“This is a watershed moment for raising awareness around sexual harassment in general, and specifically to workplace cultures and systems which perpetuate hostile working conditions,” said Pressley, who earned the cover of Boston Business Journal special issue, “Boston’s 50 Power Players.”
The caption under Pressley: “I Run this Town.”
“Safe and inclusive work environments do not just happen — we must be intentional about fostering them,” said Pressley who in 2009 became the first woman of color ever elected to Boston City Council.
In her subsequent 2011 and 2013 re-election campaigns, Pressley made history as the first person of color and the first woman in 30 years to top the ticket.
“We will be one step closer to achieving this by establishing clear channels of communication and policies that reflect everyone’s self-worth, treat everyone with dignity, and remove any fear of retribution or loss of employment,” Pressley said.
Dr. Ange-Marie Hancock Alfaro, a professor and chair of Gender Studies at the University of Southern California, said, as a proud daughter of a “fantastic” black father, she understands why some would ask how long is too long.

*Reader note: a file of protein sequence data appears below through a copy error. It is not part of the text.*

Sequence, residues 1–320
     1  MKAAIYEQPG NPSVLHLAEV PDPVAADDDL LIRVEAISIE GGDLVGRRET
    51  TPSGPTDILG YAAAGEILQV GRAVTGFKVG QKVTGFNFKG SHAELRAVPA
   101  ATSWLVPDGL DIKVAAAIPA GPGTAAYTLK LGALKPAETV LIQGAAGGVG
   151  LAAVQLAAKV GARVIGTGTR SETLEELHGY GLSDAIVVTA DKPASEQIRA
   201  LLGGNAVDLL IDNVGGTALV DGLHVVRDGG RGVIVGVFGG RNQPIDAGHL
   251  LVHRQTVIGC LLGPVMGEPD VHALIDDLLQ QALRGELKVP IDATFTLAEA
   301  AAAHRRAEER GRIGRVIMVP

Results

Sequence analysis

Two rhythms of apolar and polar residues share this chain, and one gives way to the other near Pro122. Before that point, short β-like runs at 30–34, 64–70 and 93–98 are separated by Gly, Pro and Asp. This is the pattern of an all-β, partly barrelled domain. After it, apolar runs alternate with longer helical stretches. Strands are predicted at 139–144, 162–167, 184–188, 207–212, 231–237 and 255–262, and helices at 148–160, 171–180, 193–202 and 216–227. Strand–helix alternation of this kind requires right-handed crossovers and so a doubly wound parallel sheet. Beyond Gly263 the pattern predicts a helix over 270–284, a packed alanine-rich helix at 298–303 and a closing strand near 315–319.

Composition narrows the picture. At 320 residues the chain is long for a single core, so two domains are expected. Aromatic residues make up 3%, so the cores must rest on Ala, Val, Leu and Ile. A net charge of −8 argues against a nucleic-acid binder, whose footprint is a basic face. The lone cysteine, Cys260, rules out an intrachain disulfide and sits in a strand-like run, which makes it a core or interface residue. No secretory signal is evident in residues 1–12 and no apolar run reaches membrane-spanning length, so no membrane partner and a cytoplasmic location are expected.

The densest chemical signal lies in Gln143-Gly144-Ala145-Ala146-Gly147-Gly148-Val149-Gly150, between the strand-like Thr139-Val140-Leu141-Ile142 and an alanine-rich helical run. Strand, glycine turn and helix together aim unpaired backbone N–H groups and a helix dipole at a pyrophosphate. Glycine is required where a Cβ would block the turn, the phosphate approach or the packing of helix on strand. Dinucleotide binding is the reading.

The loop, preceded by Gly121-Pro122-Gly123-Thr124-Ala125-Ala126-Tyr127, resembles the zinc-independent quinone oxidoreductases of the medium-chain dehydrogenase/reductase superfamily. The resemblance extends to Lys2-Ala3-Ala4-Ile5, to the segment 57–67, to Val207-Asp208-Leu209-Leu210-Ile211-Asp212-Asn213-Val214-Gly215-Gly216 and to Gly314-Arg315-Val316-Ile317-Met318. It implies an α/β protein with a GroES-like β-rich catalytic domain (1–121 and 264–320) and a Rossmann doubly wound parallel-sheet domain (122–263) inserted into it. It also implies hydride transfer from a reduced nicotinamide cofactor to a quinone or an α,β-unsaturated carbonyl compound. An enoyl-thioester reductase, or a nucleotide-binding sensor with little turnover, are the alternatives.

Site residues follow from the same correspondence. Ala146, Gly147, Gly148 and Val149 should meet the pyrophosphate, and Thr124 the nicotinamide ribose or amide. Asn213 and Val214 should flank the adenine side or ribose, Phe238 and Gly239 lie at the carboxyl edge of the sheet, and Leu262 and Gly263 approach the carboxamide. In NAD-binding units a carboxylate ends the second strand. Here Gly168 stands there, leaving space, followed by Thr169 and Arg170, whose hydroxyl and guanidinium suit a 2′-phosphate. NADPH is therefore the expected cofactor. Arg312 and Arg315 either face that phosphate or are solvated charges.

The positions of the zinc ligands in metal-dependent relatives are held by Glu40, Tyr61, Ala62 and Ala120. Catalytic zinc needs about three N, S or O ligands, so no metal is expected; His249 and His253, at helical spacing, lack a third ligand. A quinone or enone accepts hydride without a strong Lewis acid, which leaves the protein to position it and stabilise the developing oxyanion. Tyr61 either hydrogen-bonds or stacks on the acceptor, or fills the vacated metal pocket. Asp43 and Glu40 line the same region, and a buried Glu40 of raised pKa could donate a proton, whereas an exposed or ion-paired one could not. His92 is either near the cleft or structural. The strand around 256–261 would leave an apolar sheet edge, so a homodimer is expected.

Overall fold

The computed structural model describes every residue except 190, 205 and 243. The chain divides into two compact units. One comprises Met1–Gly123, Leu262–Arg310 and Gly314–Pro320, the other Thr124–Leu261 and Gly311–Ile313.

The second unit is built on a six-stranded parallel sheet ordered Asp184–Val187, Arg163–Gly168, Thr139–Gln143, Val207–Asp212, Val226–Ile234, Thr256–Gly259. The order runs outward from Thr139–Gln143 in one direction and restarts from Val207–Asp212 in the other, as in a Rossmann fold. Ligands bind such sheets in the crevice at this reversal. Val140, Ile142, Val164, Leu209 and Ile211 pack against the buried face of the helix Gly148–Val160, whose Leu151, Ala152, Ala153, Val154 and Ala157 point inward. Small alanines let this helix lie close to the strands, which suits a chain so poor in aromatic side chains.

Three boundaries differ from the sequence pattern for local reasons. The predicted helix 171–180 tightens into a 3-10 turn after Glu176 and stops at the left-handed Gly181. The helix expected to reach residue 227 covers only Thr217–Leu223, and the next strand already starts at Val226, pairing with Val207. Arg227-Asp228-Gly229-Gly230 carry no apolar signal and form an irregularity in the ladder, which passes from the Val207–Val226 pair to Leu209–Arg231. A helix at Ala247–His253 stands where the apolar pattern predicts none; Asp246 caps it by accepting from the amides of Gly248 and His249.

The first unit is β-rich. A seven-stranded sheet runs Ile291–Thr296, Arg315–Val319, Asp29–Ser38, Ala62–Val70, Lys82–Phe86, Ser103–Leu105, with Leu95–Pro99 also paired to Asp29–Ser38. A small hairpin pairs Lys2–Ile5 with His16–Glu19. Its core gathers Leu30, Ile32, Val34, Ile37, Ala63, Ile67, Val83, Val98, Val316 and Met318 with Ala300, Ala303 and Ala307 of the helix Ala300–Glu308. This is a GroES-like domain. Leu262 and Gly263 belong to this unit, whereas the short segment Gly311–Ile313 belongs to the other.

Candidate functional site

“In terms of the idea that all people would immediately report such an experience, what the research shows is that some do and some don’t,” said Alfaro, a globally recognized scholar of intersectionality theory. “I had someone just reveal that to me regarding how her family in South Carolina worked last week in the context of this topic — that her uncle molested her, then as she kept quiet, it happened to her sister and numerous cousins and it wasn’t until a family reunion years later that they all realized they’d been victimized by the same uncle.
“The individual described her 1950s and 1960s black Southern family as one ‘where we just didn’t talk about sex,'” Alfaro said. “So I would contend that gender, region, age difference at the time of attack, sexuality — whether it was same sex or heterosexual in nature — all affect a survivor’s willingness to tell.”
Dr. Riché Richardson, a Public Voices Fellow and Mellon Diversity Fellow and associate professor in the Africana Studies and Research Center at Cornell University, said the voices of the victims matter most and it’s not fair to make judgments about when women and girls report violations.
“Reasons that they do not report incidents vary, like their experiences, though reporting sooner can help make legal accountability more likely,” said Richardson, who authored the book, “Black Masculinity and the U.S. South: From Uncle Tom to Gangsta.”
“While the court of public opinion may also make an impact, public referenda on the choices of women and girls to remain silent are unfair and often aim to discredit their stories and end up victimizing women and girls further. No one has the right to do this,” she said.